Young Shakespeare’s rigorous standards, ‘Die, Mommie, Die,’ a frenzied madcap

This year’s Young American Shakespeare Festival at the Commonwealth Theatre Center offers three plays: “The Merry Wives of Windsor” (directed by Jennifer Pennington, and assisted by Meg Caudill); “Measure for Measure” (directed by Charlie Sexton); and “Richard III” (directed by Heather Burns).

As always, this is a massive undertaking that involves 62 area performers from grades four to twelve. And as always, the leaders and students at Commonwealth are doing inspiring work. This Festival is passion in action.

Pennington gives “Merry Wives” a doo-wop spin. She sets the play in a fantasia ‘50s America, where the guys wear their hair slicked back, the gals look like they’re on the way to a sock hop, and the incidental music includes tunes from the likes of Buddy Holly and Elvis Presley.

It’s an inspired twist for this play about one of Shakespeare’s favorite characters, the strutting, lecherous Falstaff — played superbly here by Alec Elmore, who sports a black leather jacket and leads an entourage of not-so-loyal greaser accomplices (Stephanie Cox, Sadie Lawrence, Sarah Sheffer and Sophia Hyde). Facing a precarious financial situation, Falstaff sets out to seduce a couple of well-off wives, Mistress Page (Shannon Austin-Goodin) and Mistress Ford (Brooklyn Durs).

In broad strokes, “Merry Wives” sets up a rich tangle of male-female conflicts. There is Falstaff versus the two wives. There is the young Anne Page (Natalie Koch) versus the world. Her parents want her to marry someone suitable — a pretentious doctor (Spencer Neichter) or the comically dull Slender (Alexander Miguel), but she prefers the romantic, impecunious Fenton (Abel Sgro).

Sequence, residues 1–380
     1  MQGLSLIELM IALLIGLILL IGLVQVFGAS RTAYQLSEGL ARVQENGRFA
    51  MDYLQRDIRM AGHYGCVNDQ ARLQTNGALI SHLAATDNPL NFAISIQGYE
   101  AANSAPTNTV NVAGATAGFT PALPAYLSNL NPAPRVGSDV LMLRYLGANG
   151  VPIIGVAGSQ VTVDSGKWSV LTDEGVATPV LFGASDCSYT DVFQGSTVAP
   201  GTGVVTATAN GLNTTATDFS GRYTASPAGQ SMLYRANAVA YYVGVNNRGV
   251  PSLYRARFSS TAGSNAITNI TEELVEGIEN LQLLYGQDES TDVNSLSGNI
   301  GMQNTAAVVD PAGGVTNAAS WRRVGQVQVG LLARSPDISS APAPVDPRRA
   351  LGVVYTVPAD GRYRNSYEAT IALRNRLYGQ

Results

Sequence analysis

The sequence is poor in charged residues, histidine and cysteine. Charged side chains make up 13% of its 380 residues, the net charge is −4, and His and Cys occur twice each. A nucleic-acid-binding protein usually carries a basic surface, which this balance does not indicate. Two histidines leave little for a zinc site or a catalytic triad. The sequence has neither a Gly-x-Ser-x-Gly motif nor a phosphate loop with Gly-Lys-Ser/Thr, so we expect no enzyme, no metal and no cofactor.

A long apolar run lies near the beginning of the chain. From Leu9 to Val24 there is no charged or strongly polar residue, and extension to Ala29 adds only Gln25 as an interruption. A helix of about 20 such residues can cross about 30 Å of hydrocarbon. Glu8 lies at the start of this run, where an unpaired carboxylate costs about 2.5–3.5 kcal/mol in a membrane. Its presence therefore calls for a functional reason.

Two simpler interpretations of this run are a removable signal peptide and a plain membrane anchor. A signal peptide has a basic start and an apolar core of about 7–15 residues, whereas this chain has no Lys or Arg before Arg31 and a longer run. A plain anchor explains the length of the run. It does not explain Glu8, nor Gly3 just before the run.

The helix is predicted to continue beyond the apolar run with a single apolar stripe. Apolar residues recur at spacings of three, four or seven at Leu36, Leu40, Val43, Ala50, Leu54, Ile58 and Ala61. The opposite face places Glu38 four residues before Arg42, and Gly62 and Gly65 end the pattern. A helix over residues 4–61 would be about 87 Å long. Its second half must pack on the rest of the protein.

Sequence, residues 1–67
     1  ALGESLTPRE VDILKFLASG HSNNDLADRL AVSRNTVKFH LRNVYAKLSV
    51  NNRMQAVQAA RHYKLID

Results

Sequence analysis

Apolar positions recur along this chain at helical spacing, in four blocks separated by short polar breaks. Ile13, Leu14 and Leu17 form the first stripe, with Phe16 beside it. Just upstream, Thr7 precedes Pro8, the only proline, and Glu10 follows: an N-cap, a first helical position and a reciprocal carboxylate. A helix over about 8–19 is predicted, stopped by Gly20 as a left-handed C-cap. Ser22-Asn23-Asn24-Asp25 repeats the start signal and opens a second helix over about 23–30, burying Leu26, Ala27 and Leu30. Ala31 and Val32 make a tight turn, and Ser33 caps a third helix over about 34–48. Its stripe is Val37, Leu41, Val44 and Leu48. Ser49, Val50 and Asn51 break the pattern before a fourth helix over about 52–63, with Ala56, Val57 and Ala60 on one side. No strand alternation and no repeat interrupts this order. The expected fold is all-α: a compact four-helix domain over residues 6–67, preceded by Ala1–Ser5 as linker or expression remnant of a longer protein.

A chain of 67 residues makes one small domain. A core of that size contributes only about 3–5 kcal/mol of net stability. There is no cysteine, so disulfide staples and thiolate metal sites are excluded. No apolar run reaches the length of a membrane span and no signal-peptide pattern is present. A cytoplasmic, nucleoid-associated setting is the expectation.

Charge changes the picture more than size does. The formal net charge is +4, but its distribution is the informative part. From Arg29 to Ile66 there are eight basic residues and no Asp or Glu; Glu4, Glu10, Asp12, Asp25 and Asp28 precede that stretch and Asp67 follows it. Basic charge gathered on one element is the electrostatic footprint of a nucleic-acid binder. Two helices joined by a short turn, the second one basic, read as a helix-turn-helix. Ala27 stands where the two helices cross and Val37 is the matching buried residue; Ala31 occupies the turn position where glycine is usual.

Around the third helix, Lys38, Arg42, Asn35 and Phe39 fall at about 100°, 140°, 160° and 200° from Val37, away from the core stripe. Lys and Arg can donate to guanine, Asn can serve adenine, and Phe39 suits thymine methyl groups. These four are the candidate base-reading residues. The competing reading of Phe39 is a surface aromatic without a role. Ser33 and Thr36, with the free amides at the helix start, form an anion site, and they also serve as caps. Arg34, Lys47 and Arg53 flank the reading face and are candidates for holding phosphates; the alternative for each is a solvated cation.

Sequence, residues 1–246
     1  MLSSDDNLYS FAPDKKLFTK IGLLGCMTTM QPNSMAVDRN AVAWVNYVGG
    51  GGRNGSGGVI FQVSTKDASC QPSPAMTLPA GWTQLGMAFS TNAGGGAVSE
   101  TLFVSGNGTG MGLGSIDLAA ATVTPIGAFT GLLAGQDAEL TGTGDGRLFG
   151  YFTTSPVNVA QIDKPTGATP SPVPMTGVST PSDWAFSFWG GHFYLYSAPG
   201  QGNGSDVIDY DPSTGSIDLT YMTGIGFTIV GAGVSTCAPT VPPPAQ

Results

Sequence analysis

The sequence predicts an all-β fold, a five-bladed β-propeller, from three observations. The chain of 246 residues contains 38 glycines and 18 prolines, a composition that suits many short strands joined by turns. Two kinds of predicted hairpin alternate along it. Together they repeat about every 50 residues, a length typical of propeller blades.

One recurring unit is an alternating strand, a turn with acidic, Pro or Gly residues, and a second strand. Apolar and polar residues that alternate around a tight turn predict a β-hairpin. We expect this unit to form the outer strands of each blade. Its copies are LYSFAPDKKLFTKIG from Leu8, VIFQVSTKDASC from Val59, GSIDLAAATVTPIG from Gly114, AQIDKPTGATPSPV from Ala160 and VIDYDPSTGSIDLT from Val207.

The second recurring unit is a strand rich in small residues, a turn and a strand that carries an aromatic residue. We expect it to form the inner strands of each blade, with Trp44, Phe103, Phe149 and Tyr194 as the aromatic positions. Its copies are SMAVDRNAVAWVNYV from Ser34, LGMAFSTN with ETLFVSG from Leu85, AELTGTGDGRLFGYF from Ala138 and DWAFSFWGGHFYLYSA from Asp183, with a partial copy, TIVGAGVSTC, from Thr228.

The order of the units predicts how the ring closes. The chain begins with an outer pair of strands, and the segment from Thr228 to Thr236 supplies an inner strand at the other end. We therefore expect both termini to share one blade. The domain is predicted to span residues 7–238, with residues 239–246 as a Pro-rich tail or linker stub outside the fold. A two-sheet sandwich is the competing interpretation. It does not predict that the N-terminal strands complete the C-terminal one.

In “Merry Wives,” Shakespeare assembles one of the smartest, funniest groups of women ever to appear in a single play. Among them is the doctor’s assistant, Mistress Quickly (Bella Detwiler), whose superbly zany performance is enhanced by Lindsey Chamberlin’s costumes. And thanks to gender-blind casting, we see some sharply drawn performances by women in several roles often played by men (not least, Meaghan Northup’s fine turn as Host of the Garter Inn).

In other roles, Field Oldham is memorable as an outlandish parson whose speech is hard to parse. Phoebe Brown and Jessie Burke acquit themselves well. And as Rugby, the doctor’s servant, Nolan Davis Brown has a marvelous, eye-catching moment as a watchman at the gate.

In pre-performance remarks, Director Charlie Sexton observed that although “Measure for Measure” is technically a comedy (since it concludes with a slew of weddings, instead of a bloody slaughter), it’s a grave and serious play.

This is one of the plays that gets slapped with the annoying, misleading 19th-century label “problem play” — a label that needs to be retired.

“Measure for Measure” is Shakespeare at his most modern. It’s a strange and disturbing investigation of moral corruption in the public sphere. And though critics have often argued that the script includes some implausible elements, I say there is nothing in this play that is less plausible than our contemporary politics.

The story kicks off when Duke Vincentio of Vienna (William Ngong) realizes that under his leadership his people have lapsed into moral decadence. Troubled, he decides to leave the city for a time and delegates Angelo (Noah Bunch) and Escalus (Jacob Craigo-Snell) to rule in his absence.